To keep updated on what’s cracking at Spectrum, check out their blog, which is also an integrated component of the Sustainable Resources class.

This project would not have been possible without the support of  the Spectrum Learning Centre’s principal Frances Alley, and the Vancouver School Board, including Superintendent Steve Cardwell and Sustainability Coordinator Kevin Millsep.

P1020004 The hens in their temporary storage cage at the farm in Aldergrove. 


The farm in Aldergrove!


Letting the chickens out into their new home!

The first egg, a light sky blue, was laid in the car on the way back to school. We were all amazed at how warm it still was…


Happy students, smiles and cameras were abundant!


The students just could not believe the hilarity of getting to hold a chicken, and have come to love their school yard friends. 

P1020051Duncan raises two thumbs WAY UP! 


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Winter fun with Britannia Secondary

One of Growing Kid’s most involved  schools for 2012/2013 is Britannia Secondary. Now in our second year of work, the Britannia Urban Garden (BUG) is really coming alive. So too is the school gardening community, which is one of the main goals of Growing Kids!

Our work started out mainly focused with the Street Front Alternative youth, who have come to love and take pride in their garden, which they named “Garden of Transformed Life” at a traditional aboriginal naming ceremony last year. For more photos, you can check out the Grandview Woodland’s  BUG flickr here.

This year we have had the opportunity to work with several more classes, including 8J9J, Grade 11 Biology and Grade 11/12 Cooking. As each group of students has specific needs and interests, Growing Kids has done some new workshops throughout the winter!

With 8j9J we have covered soil biology and composts, as well as garden planning and we are excited to be working with them on developing 3 of their own garden beds. More to come as this project comes to fruition this spring 🙂

The cooking class has been quite a treat in that we rarely have the opportunity to use the garden produce directly with our students. Often the produce is shared amongst the cafeteria or classroom once we have gone, but with this course we have been exploring how to use garden veggies creatively. So far our students have made tomato sauce, zucchini bread, garden herb scones, and rye honey cake using their own freshly milled rye!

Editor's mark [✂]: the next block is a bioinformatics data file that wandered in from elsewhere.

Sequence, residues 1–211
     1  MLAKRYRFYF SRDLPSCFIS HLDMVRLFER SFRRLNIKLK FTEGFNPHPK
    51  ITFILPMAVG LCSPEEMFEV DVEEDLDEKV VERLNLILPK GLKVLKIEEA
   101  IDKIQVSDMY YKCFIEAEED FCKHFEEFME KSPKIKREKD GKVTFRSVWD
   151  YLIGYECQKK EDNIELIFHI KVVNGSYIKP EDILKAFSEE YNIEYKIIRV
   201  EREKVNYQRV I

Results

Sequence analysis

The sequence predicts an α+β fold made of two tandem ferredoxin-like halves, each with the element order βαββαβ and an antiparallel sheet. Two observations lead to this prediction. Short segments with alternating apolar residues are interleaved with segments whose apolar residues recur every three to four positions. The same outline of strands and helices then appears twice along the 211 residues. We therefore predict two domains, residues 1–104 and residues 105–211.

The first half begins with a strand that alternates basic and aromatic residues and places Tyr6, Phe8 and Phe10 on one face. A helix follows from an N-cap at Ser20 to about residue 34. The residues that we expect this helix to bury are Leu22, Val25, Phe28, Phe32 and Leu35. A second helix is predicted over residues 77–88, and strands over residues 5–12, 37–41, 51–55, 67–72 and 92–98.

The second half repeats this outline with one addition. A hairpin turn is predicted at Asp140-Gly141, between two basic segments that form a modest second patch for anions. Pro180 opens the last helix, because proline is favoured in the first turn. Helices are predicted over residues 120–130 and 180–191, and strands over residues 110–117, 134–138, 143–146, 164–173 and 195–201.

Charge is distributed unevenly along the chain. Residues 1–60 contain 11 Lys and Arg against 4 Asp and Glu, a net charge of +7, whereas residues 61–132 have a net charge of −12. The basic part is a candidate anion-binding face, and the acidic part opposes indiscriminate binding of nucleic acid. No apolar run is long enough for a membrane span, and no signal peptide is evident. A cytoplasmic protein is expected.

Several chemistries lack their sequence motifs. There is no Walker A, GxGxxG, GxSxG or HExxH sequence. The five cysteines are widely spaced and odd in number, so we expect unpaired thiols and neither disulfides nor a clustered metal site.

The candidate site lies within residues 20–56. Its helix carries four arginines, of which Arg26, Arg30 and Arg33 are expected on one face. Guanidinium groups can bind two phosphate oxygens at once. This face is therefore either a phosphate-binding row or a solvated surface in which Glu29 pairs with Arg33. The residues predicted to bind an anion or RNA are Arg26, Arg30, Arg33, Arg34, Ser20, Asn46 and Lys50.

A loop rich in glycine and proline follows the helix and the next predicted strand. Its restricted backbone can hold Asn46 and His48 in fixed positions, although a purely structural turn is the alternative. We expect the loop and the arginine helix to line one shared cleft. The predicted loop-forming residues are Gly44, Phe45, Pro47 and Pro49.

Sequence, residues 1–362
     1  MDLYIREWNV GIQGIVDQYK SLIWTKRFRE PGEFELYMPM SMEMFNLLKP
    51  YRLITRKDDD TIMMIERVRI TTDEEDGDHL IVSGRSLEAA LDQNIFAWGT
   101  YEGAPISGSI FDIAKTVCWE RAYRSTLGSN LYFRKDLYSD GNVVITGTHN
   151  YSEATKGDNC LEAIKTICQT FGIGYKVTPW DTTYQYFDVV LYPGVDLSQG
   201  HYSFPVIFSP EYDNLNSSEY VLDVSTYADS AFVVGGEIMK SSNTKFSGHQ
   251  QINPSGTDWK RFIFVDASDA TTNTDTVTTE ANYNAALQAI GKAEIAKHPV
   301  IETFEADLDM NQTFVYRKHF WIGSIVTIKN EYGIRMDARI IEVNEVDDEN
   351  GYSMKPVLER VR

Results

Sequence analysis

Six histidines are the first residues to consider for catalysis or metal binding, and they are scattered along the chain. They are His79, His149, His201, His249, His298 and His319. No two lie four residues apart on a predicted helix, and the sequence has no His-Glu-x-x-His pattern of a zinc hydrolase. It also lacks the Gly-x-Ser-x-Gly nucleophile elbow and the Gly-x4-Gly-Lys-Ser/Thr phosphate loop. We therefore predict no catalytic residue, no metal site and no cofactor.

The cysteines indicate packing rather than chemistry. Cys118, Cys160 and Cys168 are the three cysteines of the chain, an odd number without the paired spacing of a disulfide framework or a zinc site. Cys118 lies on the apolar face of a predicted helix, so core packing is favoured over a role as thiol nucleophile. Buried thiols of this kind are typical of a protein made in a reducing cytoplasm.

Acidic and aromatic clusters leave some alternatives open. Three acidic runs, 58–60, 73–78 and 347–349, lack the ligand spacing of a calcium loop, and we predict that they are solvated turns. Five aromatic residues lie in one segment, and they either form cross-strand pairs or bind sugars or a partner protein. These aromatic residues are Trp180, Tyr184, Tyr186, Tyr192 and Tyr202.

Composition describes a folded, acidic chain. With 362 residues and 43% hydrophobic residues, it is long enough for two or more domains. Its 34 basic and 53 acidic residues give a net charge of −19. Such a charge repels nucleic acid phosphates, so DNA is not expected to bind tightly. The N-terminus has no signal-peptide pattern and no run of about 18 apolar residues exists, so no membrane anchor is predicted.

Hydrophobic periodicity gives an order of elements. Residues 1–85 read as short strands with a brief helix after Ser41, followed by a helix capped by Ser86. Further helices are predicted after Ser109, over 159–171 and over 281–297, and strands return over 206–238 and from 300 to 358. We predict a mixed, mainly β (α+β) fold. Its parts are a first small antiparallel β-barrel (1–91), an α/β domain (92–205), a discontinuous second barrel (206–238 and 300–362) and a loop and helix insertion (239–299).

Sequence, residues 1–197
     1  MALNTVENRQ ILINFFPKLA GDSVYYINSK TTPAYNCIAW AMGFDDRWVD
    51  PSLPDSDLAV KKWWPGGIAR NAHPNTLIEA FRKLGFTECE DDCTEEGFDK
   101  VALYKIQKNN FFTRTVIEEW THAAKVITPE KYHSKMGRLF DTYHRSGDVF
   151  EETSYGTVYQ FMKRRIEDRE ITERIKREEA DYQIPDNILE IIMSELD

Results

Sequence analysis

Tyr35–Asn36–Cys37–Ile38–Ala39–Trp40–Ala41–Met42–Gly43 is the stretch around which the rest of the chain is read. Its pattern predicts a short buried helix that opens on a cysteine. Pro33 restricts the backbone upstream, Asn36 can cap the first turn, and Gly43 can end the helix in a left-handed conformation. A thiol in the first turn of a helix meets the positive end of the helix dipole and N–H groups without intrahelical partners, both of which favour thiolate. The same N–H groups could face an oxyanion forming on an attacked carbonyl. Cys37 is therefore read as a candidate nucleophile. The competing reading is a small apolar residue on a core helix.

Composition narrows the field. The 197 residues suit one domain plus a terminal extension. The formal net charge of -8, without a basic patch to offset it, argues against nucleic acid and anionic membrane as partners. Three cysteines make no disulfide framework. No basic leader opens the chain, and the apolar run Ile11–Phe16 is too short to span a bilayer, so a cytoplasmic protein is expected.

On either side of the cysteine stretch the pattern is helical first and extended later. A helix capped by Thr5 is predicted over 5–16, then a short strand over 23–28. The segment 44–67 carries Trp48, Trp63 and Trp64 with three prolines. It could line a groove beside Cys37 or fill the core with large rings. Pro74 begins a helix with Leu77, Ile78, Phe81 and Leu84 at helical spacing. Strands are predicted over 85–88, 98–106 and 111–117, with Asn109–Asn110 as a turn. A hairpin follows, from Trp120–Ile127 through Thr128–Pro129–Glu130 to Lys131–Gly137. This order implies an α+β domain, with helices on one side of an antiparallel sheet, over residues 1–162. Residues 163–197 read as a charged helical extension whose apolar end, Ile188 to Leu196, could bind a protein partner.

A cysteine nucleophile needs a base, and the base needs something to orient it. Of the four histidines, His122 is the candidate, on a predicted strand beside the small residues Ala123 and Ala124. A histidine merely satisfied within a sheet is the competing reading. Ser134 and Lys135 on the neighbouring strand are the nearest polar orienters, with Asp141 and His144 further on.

Probably the most challenging and yet rewarding class has been the Biology 11 – simply because we are very focused on covering aspects of the B.C. PLO’s with our garden workshops. This year we covered aspects of plant biology and reproduction, and during this workshop had the pleasure of doing an apple tasting test using some amazing heritage apple varieties donated from the UBC apple fest!  We also explored plant propagation with these students, and taught them the principles of vegetative versus sexual reproduction in plants.

We then moved on to soil biology, where we learned about soil types and conducted our own soil samples to determine soil type. We also explored soil biological life as a part of their bacteria and fungi units. One of our stellar volunteers, Katherine, is a very experienced gardener and lead a fascinating workshop on Bokashi. The students were responsible for making the culture, and we are anticipating seeing what has happened! The final component of our soil workshops was a worm-compost session, and the classroom is now learning to care for their own vermicompost! This is in partnership with the Cooking class, as both will trade off in feeding and caring for the worm bins.